The only thing that could keep Mercedes from running away with the Formula One title again this year lies off the track, not on it.
Last weekend's season-opening race in Australia showed what everyone had suspected; Mercedes' dominance from 2014 has not been eroded and may even have increased.
Even before Lewis Hamilton led Nico Rosberg to the checkered flag in yet another one-two finish, the critics were out, denouncing the race as boring and the season ahead a fait accompli.
The complaints were loudest from the Red Bull team, which had a disappointing weekend in which its Renault engines had a slew of problems and local favorite Daniel Ricciardo finished sixth, unable to even catch the modest Sauber ahead of him.
With no chance of catching up to Mercedes on the track this season — even allowing for engine upgrades which have been re-introduced to the sport — Red Bull sought to peg its rival back politically, urging immediate but unspecified changes to the rules to inhibit Mercedes.
Red Bull even invoked the option of withdrawing from the sport altogether.
"If we are totally dissatisfied we could contemplate an F1 exit," said Helmut Marko, the on-track point-man for Red Bull owner Dietrich Mateschitz. "The danger is there that Mr. Mateschitz loses his passion for F1."
It was a self-serving argument, promoting precisely the kind of ad-hoc regulatory change that Red Bull decried when it was the clear leader in the sport during the time Sebastian Vettel won four straight drivers' championships.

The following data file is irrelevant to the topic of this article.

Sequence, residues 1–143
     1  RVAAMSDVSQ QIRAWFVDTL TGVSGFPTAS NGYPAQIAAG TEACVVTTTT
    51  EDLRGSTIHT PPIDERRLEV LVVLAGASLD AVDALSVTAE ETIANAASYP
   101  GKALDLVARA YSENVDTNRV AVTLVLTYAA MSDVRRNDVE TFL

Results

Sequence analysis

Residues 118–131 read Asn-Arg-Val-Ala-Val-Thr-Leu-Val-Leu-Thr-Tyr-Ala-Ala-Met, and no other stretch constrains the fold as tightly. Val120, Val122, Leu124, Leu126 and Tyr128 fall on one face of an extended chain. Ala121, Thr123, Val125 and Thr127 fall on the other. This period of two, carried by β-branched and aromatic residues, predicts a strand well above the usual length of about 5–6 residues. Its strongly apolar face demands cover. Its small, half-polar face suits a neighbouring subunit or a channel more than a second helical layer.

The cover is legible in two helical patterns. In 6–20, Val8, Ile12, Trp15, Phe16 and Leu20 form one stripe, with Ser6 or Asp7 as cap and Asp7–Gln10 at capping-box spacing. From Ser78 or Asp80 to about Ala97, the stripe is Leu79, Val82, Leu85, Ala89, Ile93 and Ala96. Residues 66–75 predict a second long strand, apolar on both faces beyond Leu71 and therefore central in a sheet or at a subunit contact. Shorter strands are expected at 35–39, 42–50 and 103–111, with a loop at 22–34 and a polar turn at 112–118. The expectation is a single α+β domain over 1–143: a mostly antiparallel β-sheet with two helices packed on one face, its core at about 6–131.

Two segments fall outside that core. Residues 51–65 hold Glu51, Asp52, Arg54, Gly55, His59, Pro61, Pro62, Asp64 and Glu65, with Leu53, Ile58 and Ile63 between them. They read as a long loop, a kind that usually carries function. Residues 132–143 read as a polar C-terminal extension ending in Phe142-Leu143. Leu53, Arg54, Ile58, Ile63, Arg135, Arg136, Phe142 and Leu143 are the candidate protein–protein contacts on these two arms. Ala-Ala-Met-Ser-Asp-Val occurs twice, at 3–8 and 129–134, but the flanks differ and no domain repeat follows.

However, it is also an argument that must be taken seriously, given F1's intensely political nature. Red Bull was even given the backing of the sport's commercial leader, Bernie Ecclestone, who publicly sympathized with the team's complaints.
Ecclestone does not control the rules of the sport — that role is controlled by governing body FIA — and that is arguably a good thing considering some of his past advocacy for ideas like artificial rain and short-cut lanes.
However, Ecclestone still has a lot of pull to get things going his way, so Mercedes team leader Toto Wolff will be aware he will have a fight on his hands for months to come to prevent the rules from being changed in the middle of the season.
It looms as a straight fight between the power and influence of Horner and Mateschitz on one side, and Mercedes on the other. The latter may have the edge given that Ferrari — the tiebreaker in all such disputes in F1 — has little appetite for a political fight at this stage. With Vettel finishing third in his team debut and showing more promise this season, rocking the boat seems to make little sense.
"Our job is to attack Mercedes on the track," Ferrari team principal Maurizio Arrivabene said, "not to change the rules."
While few regarded Red Bull's post-race complaints as anything other than trying to advance its own cause, there is validity in the need to take steps to prevent the now-established pattern of one team utterly dominating a season.
From the Schumacher-era of Ferrari, to the Vettel-era of Red Bull and now to the Hamilton-era of Mercedes, the template is of a single team cruising to the championship and sucking all the suspense out of the season.
Meanwhile, there may not be a German Grand Prix this season because plummeting attendances are making it difficult for the owners of both the Hockenheim and Nurburgring circuits.
There are serious problems that need addressing when the country that produced Schumacher, Vettel and Mercedes — with Red Bull just across the border in Austria — cannot generate enough fan interest to put on a race.
While the hierarchy of F1 considers that predicament, the next round of the championship will be in Malaysia on March 29, and few will be expecting anything other than another Mercedes win.